It pays to pro­mote equal­ity for LGBTI groups

China Daily (Hong Kong) - - COMMENT - S U E N Y I U -T U N G

Ear­lier this year, “The Study on Leg­is­la­tion against Dis­crim­i­na­tion on the Grounds of Sex­ual Ori­en­ta­tion, Gen­der Iden­tity and In­ter­sex Sta­tus”, of which I was the prin­ci­pal in­ves­ti­ga­tor, con­cluded there should be a pub­lic con­sul­ta­tion in Hong Kong on leg­is­la­tion against dis­crim­i­na­tion on the grounds of sex­ual ori­en­ta­tion, gen­der iden­tity and in­ter­sex sta­tus. The study found that the Hong Kong pub­lic is be­com­ing more re­cep­tive to the rights of les­bian, gay, bi­sex­ual, trans­gen­der and in­ter­sex (LGBTI) peo­ple, with a stag­ger­ing 91.8 per­cent of re­spon­dents aged 18-24 sup­port­ing leg­is­la­tion to pro­tect LGBTI peo­ple from dis­crim­i­na­tion. I con­ducted the study with a re­search team at the Gen­der Re­search Cen­tre of the Chi­nese Univer­sity of Hong Kong and it was com­mis­sioned by the Equal Op­por­tu­ni­ties Com­mis­sion.

Many lead­ing in­ter­na­tional com­pa­nies are ex­tend­ing to em­ploy­ees in same-sex part­ner­ships the ben­e­fits hith­erto only avail­able to mar­ried cou­ples. Gold­man Sachs, HSBC, JP Mor­gan and Stan­dard Char­tered among oth­ers have built LGBTI and ally net­works to pro­mote in­clu­sion, while Pana­sonic Corp in Ja­pan has an­nounced that ben­e­fits such as ma­ter­nity leave, health in­sur­ance and cash bonuses will be made avail­able to em­ploy­ees in same-sex re­la­tion­ships. The busi­ness com­mu­ni­ties in Hong Kong and other parts of Asia are be­gin­ning to rec­og­nize the case for pro­mot­ing an LGBTI-friendly work­place.

Yet there is still some way to go. Some com­pa­nies re­main re­luc­tant to take these steps, be­liev­ing that Asian and Chi­nese cul­tures are some­how dif­fer­ent. They worry that if they speak up too strongly on LGBTI is­sues, there may be a back­lash by a gen­eral pub­lic gen­er­ally per­ceived to be con­ser­va­tive.

They might be sur­prised by the find­ings of two re­cent sur­veys con­ducted by the Sex­u­al­i­ties Re­search Pro­gramme at the Chi­nese Univer­sity of Hong Kong to in­ves­ti­gate the at­ti­tudes of the Hong Kong pub­lic, as well as les­bian, gay and bi­sex­ual (LGB) peo­ple, to­ward LGB-friendly busi­nesses.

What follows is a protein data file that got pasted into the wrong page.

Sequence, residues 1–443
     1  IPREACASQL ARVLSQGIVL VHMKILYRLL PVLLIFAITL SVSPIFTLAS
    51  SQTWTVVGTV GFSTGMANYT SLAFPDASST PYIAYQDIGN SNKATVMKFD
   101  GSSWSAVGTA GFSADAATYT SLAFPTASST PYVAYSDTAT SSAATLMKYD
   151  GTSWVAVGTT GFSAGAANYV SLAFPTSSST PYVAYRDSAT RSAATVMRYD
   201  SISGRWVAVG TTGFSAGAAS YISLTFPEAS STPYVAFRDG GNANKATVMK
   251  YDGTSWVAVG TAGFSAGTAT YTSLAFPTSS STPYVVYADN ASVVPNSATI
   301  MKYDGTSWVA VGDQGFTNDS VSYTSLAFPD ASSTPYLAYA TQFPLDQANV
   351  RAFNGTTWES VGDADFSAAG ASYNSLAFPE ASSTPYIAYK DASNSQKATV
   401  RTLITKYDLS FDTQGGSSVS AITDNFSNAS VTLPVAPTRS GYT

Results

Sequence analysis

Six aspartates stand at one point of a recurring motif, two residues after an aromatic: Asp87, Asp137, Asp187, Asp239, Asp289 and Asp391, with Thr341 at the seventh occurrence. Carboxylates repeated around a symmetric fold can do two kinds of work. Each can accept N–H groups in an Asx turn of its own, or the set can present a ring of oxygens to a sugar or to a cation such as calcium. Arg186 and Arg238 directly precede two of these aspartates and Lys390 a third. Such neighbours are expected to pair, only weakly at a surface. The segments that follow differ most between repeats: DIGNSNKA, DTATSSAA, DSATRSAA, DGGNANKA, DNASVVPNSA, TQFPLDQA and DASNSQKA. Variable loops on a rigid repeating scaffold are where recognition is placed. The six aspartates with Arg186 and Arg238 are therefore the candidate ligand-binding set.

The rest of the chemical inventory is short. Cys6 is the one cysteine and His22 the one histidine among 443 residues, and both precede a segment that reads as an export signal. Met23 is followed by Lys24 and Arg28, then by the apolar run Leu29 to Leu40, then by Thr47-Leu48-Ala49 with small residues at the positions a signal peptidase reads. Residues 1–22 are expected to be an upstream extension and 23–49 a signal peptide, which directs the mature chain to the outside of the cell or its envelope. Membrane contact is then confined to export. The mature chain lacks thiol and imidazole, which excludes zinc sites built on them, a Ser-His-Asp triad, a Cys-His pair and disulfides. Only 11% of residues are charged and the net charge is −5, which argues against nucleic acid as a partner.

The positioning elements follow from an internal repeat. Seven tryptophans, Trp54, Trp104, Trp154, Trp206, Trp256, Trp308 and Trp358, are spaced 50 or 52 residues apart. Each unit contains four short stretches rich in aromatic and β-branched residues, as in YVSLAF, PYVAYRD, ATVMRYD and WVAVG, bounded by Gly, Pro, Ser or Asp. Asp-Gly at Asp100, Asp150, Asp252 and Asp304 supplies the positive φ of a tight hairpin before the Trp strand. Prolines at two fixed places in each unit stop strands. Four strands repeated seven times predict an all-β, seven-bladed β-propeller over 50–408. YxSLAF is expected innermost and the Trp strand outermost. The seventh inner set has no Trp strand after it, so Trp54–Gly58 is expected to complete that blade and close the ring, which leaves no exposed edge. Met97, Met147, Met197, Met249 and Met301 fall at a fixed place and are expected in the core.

It found that 50 per­cent of the Hong Kong pub­lic who were sur­veyed would not change their view of a busi­ness if that busi­ness had a sup­port­ive stance on LGB is­sues. A fur­ther 25 per­cent viewed LGB-friendly busi­nesses pos­i­tively, while the re­main­ing quar­ter saw LGB-friendly busi­nesses neg­a­tively. A net gain in terms of a pub­lic pos­i­tive im­age can also be seen for or­ga­ni­za­tions that pro­vide ben­e­fits to same-sex part­ners and sup­port anti-dis­crim­i­na­tion laws. Com­pa­nies might not need to fear the strong pub­lic back­lash that they imag­ined.

At the same time, it is note­wor­thy that more than 80 per­cent and 70 per­cent of the LGB re­spon­dents said they are more likely to work and give their cus­tom to LGB-friendly com­pa­nies re­spec­tively.

Hong Kong was re­cently rated the world’s most com­pet­i­tive econ­omy by the IMD World Com­pet­i­tive Cen­ter. The recog­ni­tion comes af­ter the US think tank Her­itage Foun­da­tion ranked Hong Kong as the world’s freest econ­omy for the 21st year in a row. While Hong Kong’s lib­eral eco­nomic regime and well-de­vel­oped in­fra­struc­ture are lauded by global re­search in­sti­tu­tions, many of its poli­cies re­main too con­ser­va­tive to at­tract tal­ented LGBTI pro­fes­sion­als who could help Hong Kong sus­tain its com­pet­i­tive edge in the re­gion.